My mother mostly made her pomegranate chicken with walnuts on Rosh Hashanah, because that’s when the pomegranates are in season. Every time I go home she still makes it. She would have me break open two or three cases of them and it was very annoying because it took forever. She made marmalade with the pomegranates and kept it in the fridge for months, using a little at a time. For her chicken, she added water to it and made this beautiful dark, reddish sauce. I make a version of it with pomegranate juice and molasses for a dish at Bar Bolonat with poussin, Persian rice, and potatoes served in a cast-iron pot. (Photo: Quentin Bacon/Artisan Books)
Aunt Hannah’s couscous with mafrum
This is totally childhood food. My aunt made couscous with the North African dish mafrum, a potato stuffed with ground beef and slightly fried on its side to seal it, then cooked in spicy tomato sauce. This is what I want to eat as my last meal. I served it for family meal once and it took hours to make because it’s labor-intensive and messy, but I wanted my cooks to try it because I’m always talking about it. Because of this dish, I was insistent that the couscous for the beef-cheek tagine at Bar Bolonat (pictured) be homemade. It takes me three hours. (Photo: Yelp)
Tom yum goong
I’ve been to Thailand nine times. I used to live in Germany, where I had months off for a season, and every time I time I knew I needed a vacation I’d say I was going to go to Brazil or somewhere, but would choose Thailand over and over because I knew it so well. It was there I tried tom yum goong, the traditional shrimp and lemongrass soup, and I didn’t specifically ask for it to be mild. My mouth was [puffed up] and red—it looked like I had lip surgery. I was crying and I looked like a duck, but all those flavors and heat were unbelievably delicious. (Photo: eatingthaifood.com)
One of the most important things on the menu at Balaboosta is our chamusta, which is a Persian dish. I worked on it with my executive chef Guy (pictured) and it’s nothing we will ever let go. He really understands my food. We have the same palate and background and it just makes life easier. Traditionally, chamusta is served with semolina dumplings, but instead we stuff our meatballs with semolina. It’s a lemon broth, sour and a little bit sweet, with a few herbs, Swiss chard, and fava beans. It’s one of my favorite things in the whole world when you’re sick or it’s cold outside. (Photo: Foodspotting)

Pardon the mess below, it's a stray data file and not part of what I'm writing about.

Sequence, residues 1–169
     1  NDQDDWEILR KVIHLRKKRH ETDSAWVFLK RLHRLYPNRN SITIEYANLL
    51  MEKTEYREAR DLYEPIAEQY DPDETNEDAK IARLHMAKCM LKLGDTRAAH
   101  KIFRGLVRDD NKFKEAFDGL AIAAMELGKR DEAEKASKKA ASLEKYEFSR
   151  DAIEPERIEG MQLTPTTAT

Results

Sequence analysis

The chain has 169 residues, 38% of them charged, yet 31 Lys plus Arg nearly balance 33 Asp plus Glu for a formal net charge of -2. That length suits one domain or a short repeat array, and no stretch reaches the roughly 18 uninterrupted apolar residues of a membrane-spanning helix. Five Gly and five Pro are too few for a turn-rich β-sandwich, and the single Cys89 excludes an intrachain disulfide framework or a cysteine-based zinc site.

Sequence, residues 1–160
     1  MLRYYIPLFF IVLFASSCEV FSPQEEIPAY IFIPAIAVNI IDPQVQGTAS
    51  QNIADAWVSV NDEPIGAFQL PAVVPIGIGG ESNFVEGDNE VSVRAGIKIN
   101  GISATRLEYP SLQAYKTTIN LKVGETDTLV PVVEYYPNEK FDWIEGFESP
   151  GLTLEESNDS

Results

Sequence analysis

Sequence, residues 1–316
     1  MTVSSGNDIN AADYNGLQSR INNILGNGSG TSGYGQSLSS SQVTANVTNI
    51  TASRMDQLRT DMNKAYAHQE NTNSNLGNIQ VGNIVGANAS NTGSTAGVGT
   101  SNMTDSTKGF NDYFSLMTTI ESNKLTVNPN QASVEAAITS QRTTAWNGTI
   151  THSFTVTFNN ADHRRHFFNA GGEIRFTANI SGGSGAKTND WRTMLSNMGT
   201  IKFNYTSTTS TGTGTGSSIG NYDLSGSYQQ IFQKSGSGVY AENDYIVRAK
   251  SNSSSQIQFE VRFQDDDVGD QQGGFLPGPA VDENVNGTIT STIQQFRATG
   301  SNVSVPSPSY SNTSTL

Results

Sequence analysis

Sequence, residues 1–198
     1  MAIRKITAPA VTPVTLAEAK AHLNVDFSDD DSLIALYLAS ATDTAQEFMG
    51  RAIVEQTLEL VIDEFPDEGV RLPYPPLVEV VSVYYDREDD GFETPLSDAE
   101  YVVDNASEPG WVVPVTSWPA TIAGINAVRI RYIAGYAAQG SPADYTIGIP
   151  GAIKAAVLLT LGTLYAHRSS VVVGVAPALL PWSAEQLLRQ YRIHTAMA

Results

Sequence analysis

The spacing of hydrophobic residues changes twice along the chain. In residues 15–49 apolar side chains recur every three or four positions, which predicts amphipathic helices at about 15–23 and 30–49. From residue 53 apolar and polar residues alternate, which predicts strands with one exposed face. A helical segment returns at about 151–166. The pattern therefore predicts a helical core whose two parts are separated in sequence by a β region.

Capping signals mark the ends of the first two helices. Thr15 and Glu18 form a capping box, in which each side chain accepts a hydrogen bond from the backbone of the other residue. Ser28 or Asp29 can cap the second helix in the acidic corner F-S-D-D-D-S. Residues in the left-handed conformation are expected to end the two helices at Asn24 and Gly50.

Vidalia onion at Tabla (New York, NY)
I used to work at Tabla with Floyd Cardoz, and on the vegetarian tasting menu there was a Vidalia onion stuffed with a mixture of things, like caramelized and pickled onions. The spice was kind of a curry with coconut. I still dream about that dish. I tried to recreate it and I did it similarly, but it wasn’t amazing. It takes a long time to prepare. You cut the onion on both sides before cooking it, then break it apart. You reduce the sauce for what feels like forever and foam coconut milk in an immersion blender. Every time I see Floyd I say, “When are you going to make this again?” (Photo: cheffloydcardoz.com)
Japanese eggplant at Yamazato (Amsterdam, Netherlands)
Every time I try food in Amsterdam I’m disappointed. But this time when I visited, my friend took me to this Japanese restaurant, Yamazato, at the Okura Hotel. They served a grilled Japanese eggplant with Dengaku-miso sauce. It had textural and flavor complexities I’d never tasted before. I crave it. (Photo: cnseed.com)
Sweetbread pita at Machneyuda (Jerusalem, Israel)
Foie gras at Recette (New York, NY)
Right after Jesse Schenker opened Recette, he served a roasted foie gras with pumpkin espuma. It’s not usually my style. Another thing I don’t like is pork jus, and this had a bacon consommé. So here is a dish that represents what I’m totally against, yet it was insanely [delicious], with a mix of sweetness, saltiness, and smokiness. It changed my mind about giving a chance to foods I would normally never eat. (Photo: Facebook/Recette)